Creating a RHEL 8 KVM Networked Bridge Interface

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Creating KVM Virtual Machines on RHEL 8 with virt-install and virshManaging KVM on RHEL 8 using the virsh Command-Line Tool


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By default, the KVM virtualization environment on RHEL 8 only creates a virtual network to which virtual machines may connect. The goal of this chapter is to cover the steps involved in creating a network bridge on RHEL 8 enabling guest systems to share one or more of the host system’s physical network connections.

Network bridges may be configured on RHEL 8 either by manually using the NetworkManager command-line tool, or via the Cockpit web interface.




Virtual Networks and Network Bridges

A KVM virtual machine running on RHEL 8 has two options in terms of networking connectivity.

One option is for it to be connected to a virtual network running within the operating system of the host computer. In this configuration any virtual machines on the virtual network can see each other but access to the external network is provided by NAT). When using the virtual network and NAT, each virtual machine is represented on the external network (the network to which the host is connected) using the IP address of the host system. This is the default behavior for KVM virtualization and generally requires no additional configuration. Typically, a single virtual network is created by default, represented by the name default and the device virbr0.

In order for guests to appear as individual and independent systems on the external network (i.e. with their own IP addresses), they must be configured to share a physical network interface on the host. This is achieved by configuring a network bridge interface on the host system to which the guests can connect. In the remainder of this chapter we will cover the steps necessary to configure a RHEL 8 network bridge for use by KVM-based guest operating systems.

Getting the Current Network Settings

A network bridge can be created using the NetworkManager command-line interface tool (nmcli). The NetworkManager is installed and enabled by default on RHEL 8 systems and is responsible for detecting and connecting to network devices in addition to providing an interface for managing networking configurations.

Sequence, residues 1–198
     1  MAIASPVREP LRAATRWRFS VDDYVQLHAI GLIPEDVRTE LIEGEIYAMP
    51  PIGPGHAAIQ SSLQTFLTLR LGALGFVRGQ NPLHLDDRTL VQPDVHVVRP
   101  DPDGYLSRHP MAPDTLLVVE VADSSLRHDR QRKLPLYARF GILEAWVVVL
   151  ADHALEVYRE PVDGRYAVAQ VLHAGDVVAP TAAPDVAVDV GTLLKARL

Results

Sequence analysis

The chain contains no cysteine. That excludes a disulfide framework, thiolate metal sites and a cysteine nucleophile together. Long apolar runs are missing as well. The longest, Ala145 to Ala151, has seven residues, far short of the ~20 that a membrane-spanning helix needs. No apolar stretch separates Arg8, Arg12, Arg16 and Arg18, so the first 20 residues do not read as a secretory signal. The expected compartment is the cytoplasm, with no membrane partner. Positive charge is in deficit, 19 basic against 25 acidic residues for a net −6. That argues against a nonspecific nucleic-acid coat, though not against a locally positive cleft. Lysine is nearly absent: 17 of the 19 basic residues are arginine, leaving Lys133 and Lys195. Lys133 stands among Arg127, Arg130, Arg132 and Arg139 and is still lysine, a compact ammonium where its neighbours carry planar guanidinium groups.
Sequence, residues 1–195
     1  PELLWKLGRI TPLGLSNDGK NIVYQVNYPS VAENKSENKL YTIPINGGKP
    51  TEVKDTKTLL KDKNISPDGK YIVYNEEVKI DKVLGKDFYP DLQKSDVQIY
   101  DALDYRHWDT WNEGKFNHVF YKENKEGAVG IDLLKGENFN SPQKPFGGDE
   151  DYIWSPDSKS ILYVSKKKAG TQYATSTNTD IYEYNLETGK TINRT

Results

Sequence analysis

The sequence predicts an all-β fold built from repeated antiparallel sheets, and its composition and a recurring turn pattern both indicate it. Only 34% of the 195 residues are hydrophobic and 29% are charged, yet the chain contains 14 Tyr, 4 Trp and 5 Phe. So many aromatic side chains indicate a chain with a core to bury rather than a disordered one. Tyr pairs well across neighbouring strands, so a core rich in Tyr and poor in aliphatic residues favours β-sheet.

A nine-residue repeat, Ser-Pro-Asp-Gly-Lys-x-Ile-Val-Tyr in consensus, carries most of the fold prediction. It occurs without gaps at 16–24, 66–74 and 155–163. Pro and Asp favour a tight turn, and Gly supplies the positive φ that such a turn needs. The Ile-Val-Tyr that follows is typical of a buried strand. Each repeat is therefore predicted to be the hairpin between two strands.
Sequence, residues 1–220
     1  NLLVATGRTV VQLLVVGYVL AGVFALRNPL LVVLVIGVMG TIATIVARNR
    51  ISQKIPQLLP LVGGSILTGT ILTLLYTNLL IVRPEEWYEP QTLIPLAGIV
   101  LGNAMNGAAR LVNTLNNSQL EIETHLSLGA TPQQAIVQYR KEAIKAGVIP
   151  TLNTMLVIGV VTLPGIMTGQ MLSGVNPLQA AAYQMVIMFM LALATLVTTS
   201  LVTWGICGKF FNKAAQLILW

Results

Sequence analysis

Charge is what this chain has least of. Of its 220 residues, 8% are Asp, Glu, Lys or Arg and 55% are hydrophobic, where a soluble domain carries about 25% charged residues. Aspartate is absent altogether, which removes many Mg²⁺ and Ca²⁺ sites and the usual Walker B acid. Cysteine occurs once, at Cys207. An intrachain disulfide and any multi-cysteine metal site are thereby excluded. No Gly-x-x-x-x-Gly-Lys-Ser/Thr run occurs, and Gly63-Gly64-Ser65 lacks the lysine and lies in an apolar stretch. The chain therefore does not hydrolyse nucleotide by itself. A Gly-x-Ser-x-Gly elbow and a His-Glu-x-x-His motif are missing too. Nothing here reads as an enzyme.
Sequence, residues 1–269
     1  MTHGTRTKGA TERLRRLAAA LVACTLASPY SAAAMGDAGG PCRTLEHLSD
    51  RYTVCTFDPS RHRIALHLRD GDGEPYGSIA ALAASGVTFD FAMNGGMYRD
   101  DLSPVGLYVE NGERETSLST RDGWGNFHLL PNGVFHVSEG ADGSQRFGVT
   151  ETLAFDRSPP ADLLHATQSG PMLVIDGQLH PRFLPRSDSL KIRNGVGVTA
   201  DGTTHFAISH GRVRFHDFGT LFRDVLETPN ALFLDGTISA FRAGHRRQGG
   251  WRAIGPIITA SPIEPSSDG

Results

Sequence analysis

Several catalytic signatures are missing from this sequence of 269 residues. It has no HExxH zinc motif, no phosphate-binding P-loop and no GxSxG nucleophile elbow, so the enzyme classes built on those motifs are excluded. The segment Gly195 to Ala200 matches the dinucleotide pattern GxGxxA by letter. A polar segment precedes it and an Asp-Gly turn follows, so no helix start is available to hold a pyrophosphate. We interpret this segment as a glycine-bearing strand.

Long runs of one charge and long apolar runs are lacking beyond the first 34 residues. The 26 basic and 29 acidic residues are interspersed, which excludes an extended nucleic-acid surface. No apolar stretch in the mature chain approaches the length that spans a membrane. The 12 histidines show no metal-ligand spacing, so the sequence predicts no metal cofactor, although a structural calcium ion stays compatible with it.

A list of current network connections on the host system can be displayed as follows:

# nmcli con show
NAME         UUID                                  TYPE      DEVICE 
eno1         99d40009-6bb1-4182-baad-a103941c90ff  ethernet  eno1   
virbr0       7cb1265e-ffb9-4cb3-aaad-2a6fe5880d38  bridge    virbr0 

In the above output we can see that the host has an Ethernet network connection established via a device named eno1 and the default bridge interface named virbr0 provides access to the NAT-based virtual network to which KVM guest systems are connected by default.

Similarly, the following command can be used to identify the devices (both virtual and physical) that are currently configured on the system:

# nmcli device show
GENERAL.DEVICE:                         eno1
GENERAL.TYPE:                           ethernet
GENERAL.HWADDR:                         AC:16:2D:11:16:73
GENERAL.MTU:                            1500
GENERAL.STATE:                          100 (connected)
GENERAL.CONNECTION:                     bridge-slave-eno1
GENERAL.CON-PATH:                       /org/freedesktop/NetworkManager/ActiveConnection/8
WIRED-PROPERTIES.CARRIER:               on
IP4.GATEWAY:                            --
IP6.GATEWAY:                            --
IP6.ROUTE[1]:                           dst = ff00::/8, nh = ::, mt = 256, table=255
 
GENERAL.DEVICE:                         wlp0s20u4
GENERAL.TYPE:                           wifi
GENERAL.HWADDR:                         76:7F:AB:8A:AB:75
GENERAL.MTU:                            1500